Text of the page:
• Thursday, April 5, 2018 @ 12:00 am

Pratteln, Switzerland, April 5, 2018 - Santhera Pharmaceuticals (SIX: SANN) reports the successful completion of the first clinical trial with omigapil in patients with two forms of congenital muscular dystrophy (CMD) conducted in the US at the National Institutes of Health (NIH). The ascending multiple dose cohort study (CALLISTO) met its primary objective to establish a favorable pharmacokinetic profile of omigapil and demonstrated that the study drug was safe and well tolerated in children and adolescents with CMD. Following further data analysis, the Company will discuss these results with clinical experts and regulatory authorities to prepare for a pivotal trial in patients with CMD.

The single-center interventional trial to establish the pharmacokinetic profile and to evaluate the safety and tolerability of omigapil in pediatric and adolescent patients with CMD was conducted at the NIH's clinical center in Bethesda, Maryland (USA), and led by Carsten Bönnemann, MD, and A. Reghan Foley, MD, of the NIH's National Institute of Neurological Disorders and Stroke. Ambulant and non-ambulant patients aged 5-16 years with either of two of the most common forms of CMD resulting from collagen VI-deficiency (COL6-related dystrophies or COL6-RDs) or laminin alpha2-deficiency (LAMA2-related dystrophy or LAMA-RD) were eligible to participate in the trial. A total of 20 patients were enrolled in this ascending multiple dose cohort study. Participants were randomized to one of five groups and received omigapil at a once-daily dose ranging from 0.02 mg/kg to 0.08 mg/kg body weight as a liquid oral formulation for a period of 3 months.

The trial met its primary objective and established that the pharmacokinetic profile of omigapil is suitable for further development in pediatric patients and demonstrated that omigapil was safe and well tolerated in this fragile population of CMD patients.

"We are grateful to participating patients and their families for enrolling in this first interventional trial with a drug candidate for CMD and to the clinical researchers at the NIH for their dedication to this milestone trial for these forms of CMD," said Thomas Meier, PhD, CEO of Santhera. "This is an important step towards profiling the therapeutic potential of omigapil for the LAMA2 and COL6 related forms of CMD for which there is currently no treatment available. We will now collaborate with international experts and seek advice from regulators to further advance the clinical development of omigapil towards a pivotal trial."

"This collaboration with Santhera and the patient community allowed us to test for the first time an investigational therapy in children with these more common types of CMD for which no other treatment options are currently available," said Carsten Bönnemann. "With the help of Ken Cheung, PhD at Columbia University, this clinical trial applied an innovative design by utilizing a novel adaptive dose-finding algorithm. Upon full analysis, we will share detailed data from the CALLISTO trial at upcoming scientific conferences and with the patient community. We look forward to continue working with Santhera, all stakeholders and regulators to define the fastest development path towards pivotal efficacy studies for this drug candidate."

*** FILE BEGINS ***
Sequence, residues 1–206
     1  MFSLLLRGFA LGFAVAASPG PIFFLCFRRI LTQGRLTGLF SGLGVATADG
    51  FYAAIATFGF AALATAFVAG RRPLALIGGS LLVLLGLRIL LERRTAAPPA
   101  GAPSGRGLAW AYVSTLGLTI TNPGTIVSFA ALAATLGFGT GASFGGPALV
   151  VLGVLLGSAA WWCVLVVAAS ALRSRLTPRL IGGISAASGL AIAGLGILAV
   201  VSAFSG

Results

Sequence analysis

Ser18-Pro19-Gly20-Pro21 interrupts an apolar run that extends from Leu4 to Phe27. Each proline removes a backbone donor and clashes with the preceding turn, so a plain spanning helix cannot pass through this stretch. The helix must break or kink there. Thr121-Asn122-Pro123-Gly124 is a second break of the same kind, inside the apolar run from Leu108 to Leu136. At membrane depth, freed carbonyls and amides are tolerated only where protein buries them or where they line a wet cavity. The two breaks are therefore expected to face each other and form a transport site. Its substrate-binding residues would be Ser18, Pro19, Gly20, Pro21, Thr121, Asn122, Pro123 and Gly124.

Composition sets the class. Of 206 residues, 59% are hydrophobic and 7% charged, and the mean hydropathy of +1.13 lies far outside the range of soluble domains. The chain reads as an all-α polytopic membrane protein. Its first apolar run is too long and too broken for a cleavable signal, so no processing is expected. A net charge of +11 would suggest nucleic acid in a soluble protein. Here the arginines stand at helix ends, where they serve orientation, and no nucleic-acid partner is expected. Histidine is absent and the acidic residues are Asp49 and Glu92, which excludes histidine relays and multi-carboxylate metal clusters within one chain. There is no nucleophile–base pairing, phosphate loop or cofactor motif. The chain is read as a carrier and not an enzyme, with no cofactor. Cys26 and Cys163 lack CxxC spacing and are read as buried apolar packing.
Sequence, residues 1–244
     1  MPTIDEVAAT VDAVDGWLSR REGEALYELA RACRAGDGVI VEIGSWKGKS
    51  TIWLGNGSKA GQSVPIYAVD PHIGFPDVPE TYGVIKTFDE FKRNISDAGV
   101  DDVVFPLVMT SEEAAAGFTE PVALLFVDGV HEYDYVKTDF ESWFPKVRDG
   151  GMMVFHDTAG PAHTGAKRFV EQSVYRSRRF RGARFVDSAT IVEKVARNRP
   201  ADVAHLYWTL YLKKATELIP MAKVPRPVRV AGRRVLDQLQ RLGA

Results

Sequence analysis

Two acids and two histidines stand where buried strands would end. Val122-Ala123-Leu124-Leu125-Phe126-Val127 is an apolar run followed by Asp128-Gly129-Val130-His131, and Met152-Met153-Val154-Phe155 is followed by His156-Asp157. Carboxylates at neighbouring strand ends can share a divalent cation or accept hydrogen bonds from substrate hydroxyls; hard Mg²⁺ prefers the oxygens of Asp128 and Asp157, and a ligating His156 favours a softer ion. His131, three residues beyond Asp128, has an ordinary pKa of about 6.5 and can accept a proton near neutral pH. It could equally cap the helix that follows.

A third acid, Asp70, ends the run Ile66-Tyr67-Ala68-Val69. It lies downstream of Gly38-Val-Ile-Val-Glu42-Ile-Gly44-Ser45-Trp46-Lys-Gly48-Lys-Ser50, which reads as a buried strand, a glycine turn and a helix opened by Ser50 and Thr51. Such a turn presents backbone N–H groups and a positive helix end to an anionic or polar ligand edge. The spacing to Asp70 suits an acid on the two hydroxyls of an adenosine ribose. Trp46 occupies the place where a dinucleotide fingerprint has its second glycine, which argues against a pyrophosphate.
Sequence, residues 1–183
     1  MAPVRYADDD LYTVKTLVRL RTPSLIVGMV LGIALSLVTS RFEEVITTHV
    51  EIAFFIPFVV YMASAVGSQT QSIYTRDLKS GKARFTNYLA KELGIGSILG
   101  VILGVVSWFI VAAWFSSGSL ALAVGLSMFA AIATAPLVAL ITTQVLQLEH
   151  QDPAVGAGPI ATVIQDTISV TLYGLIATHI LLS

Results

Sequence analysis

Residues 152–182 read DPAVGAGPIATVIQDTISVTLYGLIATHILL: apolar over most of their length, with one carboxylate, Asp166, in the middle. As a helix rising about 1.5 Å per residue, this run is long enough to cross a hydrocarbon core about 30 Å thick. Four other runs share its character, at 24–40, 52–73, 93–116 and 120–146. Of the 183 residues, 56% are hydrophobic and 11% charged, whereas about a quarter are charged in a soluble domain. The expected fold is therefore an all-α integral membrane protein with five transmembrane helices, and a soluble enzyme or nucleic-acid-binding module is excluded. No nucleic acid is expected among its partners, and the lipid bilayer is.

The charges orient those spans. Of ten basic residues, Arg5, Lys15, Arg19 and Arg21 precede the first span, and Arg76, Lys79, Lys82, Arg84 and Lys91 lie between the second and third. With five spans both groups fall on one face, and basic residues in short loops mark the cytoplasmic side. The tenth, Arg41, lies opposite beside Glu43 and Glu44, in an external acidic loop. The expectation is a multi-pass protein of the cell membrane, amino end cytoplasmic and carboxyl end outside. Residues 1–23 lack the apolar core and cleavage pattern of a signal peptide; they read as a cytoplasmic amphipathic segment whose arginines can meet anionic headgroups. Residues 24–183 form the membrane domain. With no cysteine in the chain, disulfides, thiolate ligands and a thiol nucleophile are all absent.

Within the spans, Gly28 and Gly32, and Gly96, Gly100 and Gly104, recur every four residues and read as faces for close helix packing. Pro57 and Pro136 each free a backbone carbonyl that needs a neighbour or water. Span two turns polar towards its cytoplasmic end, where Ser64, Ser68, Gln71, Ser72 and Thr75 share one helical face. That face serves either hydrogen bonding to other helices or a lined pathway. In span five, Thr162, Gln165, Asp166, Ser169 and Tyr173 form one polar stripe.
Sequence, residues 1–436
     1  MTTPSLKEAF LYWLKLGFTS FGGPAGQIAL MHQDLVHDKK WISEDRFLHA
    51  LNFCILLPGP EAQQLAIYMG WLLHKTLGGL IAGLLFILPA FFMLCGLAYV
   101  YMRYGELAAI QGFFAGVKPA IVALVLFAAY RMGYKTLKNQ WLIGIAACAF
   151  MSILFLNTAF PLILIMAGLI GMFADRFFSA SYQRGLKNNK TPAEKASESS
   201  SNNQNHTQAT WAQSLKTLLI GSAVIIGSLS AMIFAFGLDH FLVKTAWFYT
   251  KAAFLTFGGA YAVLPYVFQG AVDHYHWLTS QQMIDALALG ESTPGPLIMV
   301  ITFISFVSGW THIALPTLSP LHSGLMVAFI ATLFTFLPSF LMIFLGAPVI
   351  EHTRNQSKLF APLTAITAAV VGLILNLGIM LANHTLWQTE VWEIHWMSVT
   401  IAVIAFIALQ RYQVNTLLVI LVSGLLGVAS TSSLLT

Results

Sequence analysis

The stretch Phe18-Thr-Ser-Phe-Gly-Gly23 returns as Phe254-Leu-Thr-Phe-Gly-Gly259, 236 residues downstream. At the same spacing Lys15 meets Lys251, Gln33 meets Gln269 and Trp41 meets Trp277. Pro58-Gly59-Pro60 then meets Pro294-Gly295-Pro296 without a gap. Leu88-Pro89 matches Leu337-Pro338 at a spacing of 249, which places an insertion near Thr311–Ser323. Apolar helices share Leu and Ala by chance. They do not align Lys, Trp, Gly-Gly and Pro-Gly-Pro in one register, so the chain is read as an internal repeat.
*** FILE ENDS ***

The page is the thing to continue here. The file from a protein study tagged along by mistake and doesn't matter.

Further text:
"Cure CMD and the CMD community are thrilled that this first-ever interventional trial for congenital muscular dystrophy has been successfully completed, in partnership with the NIH and Santhera Pharmaceuticals," added Rachel Alvarez, Director of Operations for Cure CMD, a leading non-profit organization focused on finding treatments and supporting the CMD community. "For the affected individuals and their families who enrolled in CALLISTO, trial participation represented a considerable burden, and we are forever grateful for their commitment to seeing this through to the end."

About Omigapil and the CALLISTO study
Omigapil is a deprenyl-analog with anti-apoptotic properties. Santhera obtained an exclusive license for omigapil from Novartis for the development in congenital muscular dystrophies (CMDs). Nonclinical studies in a disease-relevant model showed that omigapil inhibits cell death and reduces body weight loss and skeletal deformation, while increasing locomotive activity and protecting from early mortality (Erb M et al., J Pharmacol Exp Ther 2009, 331:787-795).
Omigapil has orphan drug designations for CMD in the US and Europe and was granted Fast Track Designation by the FDA.
The preparation and conduct of the Phase I CALLISTO trial was supported financially by a public-private partnership including two patient organizations, the US-based Cure CMD and the Swiss Foundation for Research on Muscle Diseases (FRSMM), EndoStem, an EU 7th Framework program, and NIH clinical resources. In addition, the CALLISTO study was supported by an award from the Office of Orphan Products Development (OOPD) at the US Food and Drug Administration (FDA).

About Congenital Muscular Dystrophy
Congenital muscular dystrophies (CMDs) are inherited neuromuscular conditions characterized by congenital-onset weakness and hypotonia and have associated dystrophic findings on muscle biopsy. Progressive muscle weakness, joint contractures and respiratory insufficiency characterize most CMDs. LAMA2-related and COL6-related dystrophies are the most common forms of CMD for which no pharmacological therapy is currently available or in advanced clinical development.

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